Anywho, the fact that I started this writing journey using WP as a place to express myself has been one of the best ideas I have had. The fact that I have gained a following of supportive, interested, friendly people has absolutely helped me stay on track. (tears!). I now have an Amazon Author Page that will increase my reach. I tweet (but twitter is more radical than I really like), I have a Facebook Page for the book and a Facebook Page for me and the book.

And I have my father, Eddie Green as an example of how to get things done. When he wanted to get somewhere, he did. In his words: “It was during the year 1929. I was living in New York and trying every kind of theatrical job that was available. I had already played all kinds of Vaudeville, Burlesque, musical comedy and a few small radio programs “In the meantime, I was so busy working here and there and doing a bit of writing on the side that I did not notice my own advancement.” When Eddie wanted to open his own movie studio he did: From the local newspaper “Upon returning to the West Coast, Eddie announced the opening of his new film company, Sepia Productions, Inc., with himself as President.”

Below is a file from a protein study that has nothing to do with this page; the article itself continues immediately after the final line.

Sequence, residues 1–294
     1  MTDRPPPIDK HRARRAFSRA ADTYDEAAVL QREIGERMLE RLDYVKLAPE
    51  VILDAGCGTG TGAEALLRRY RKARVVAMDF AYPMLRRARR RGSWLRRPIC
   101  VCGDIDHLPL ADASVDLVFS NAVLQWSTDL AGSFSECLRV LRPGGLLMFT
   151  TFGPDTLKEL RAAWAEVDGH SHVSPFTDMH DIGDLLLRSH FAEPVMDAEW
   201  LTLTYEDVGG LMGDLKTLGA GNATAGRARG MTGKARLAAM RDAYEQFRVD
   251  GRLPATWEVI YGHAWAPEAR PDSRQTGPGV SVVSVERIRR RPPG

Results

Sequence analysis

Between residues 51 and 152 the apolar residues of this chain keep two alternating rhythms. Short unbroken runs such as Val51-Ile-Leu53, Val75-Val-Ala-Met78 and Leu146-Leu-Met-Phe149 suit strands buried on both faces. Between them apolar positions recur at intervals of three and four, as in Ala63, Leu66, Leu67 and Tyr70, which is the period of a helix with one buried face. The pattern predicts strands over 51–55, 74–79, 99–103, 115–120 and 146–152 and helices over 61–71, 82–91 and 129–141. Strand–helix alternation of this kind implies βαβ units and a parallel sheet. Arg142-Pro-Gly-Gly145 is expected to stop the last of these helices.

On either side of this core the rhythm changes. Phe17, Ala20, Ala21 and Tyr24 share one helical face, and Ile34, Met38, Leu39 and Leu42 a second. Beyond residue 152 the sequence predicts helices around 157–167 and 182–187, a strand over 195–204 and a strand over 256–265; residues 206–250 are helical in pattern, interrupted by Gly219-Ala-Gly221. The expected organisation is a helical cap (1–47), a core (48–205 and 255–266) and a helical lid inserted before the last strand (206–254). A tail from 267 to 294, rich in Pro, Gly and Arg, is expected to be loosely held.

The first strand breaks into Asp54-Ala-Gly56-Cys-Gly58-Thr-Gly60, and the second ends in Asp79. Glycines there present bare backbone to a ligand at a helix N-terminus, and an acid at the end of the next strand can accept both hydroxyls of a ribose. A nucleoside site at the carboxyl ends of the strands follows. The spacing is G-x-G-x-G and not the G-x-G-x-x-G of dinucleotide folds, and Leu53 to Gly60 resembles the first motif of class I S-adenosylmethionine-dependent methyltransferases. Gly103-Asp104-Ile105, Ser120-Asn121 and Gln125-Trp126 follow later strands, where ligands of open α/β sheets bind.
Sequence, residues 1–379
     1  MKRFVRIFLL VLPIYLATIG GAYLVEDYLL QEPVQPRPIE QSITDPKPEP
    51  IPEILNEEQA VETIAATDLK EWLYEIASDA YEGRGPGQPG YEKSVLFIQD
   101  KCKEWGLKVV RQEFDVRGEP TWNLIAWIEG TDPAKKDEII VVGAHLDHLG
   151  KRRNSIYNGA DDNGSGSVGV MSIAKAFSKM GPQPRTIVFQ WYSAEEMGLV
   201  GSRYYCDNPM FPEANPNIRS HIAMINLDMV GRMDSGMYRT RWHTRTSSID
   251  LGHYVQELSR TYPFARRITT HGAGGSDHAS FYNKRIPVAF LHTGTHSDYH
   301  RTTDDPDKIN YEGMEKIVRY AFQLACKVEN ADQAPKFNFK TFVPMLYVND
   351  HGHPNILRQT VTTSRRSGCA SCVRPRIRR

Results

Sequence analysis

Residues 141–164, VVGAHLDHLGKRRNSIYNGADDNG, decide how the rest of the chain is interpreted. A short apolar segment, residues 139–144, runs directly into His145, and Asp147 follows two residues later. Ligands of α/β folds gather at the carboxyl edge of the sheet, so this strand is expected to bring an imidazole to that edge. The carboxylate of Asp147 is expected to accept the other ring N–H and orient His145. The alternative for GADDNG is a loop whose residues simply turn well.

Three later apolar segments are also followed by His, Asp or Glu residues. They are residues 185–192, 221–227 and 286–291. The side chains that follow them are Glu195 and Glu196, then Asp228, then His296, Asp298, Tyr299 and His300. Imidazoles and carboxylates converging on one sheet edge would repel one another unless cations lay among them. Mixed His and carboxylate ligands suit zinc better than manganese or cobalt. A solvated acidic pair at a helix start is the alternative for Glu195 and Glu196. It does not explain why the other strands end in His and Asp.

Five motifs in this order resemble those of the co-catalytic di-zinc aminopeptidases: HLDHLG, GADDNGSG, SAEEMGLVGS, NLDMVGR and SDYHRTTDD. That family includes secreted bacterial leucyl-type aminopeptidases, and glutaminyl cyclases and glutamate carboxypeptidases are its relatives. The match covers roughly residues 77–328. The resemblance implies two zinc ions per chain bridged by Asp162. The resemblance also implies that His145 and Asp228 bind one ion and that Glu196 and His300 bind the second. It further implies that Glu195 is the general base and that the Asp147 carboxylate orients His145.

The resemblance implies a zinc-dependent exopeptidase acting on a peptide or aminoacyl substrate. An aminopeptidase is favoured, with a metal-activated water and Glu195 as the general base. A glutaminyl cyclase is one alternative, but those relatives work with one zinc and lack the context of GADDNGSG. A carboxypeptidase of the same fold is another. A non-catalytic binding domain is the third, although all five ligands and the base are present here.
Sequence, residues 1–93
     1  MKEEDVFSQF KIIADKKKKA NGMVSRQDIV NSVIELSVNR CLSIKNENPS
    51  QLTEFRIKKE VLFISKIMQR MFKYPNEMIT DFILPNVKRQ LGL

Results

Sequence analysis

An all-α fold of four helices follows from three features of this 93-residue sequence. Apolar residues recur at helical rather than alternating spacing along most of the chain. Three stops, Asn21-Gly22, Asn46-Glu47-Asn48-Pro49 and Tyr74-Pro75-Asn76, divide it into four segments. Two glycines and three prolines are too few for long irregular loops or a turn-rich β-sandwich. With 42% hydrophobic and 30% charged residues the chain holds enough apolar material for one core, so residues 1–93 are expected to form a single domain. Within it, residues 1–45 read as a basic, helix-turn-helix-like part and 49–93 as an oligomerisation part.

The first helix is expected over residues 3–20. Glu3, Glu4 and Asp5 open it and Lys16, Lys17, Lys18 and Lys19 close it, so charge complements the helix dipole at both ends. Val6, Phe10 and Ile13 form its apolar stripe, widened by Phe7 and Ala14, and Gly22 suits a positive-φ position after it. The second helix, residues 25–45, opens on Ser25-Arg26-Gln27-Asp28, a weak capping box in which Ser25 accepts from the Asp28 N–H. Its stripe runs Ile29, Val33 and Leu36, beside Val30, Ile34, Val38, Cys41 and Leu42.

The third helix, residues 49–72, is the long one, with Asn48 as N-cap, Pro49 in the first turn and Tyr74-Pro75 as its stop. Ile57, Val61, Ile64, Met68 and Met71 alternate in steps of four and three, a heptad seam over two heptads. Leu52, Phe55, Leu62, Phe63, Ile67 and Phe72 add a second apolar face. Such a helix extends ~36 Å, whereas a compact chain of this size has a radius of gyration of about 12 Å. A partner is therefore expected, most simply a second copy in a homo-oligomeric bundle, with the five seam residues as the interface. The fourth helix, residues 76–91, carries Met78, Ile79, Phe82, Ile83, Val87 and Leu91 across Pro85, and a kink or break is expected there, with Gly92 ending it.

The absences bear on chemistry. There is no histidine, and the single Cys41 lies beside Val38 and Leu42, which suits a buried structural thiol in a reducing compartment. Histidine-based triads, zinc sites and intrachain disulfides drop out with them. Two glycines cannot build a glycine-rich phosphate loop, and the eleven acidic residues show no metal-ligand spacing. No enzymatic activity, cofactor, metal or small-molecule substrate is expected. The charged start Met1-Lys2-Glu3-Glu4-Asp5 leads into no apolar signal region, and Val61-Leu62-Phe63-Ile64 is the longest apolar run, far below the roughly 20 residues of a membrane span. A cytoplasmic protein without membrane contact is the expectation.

So, onward and upward. Thanks so much for stopping by.

Buy now: https://www.bearmanormedia.com OR  https://www.facebook.com/elvagreenbookpage/

 

 

The “Pursuit” of Happiness

I have been studying the whys and wherefores of the Declaration of Independence. Studying what was meant by using the words Life, Liberty and the Pursuit of Happiness. On Wikipedia one can read about what others who came along after the signing of the Declaration think about what the word happiness meant to those signers. Happiness these days is alluding me. Not because of the worlds difficulties, though these difficulties add to my sadness. But because of my grandson. His personal grown-man problems. Mainly due to his pursuit of happiness.

I realized today that the Declaration does not say “and Happiness”, it says “and the Pursuit of Happiness.” Meaning this is something we are seeking, or looking for, then we are working toward it, or chasing it, or wooing it.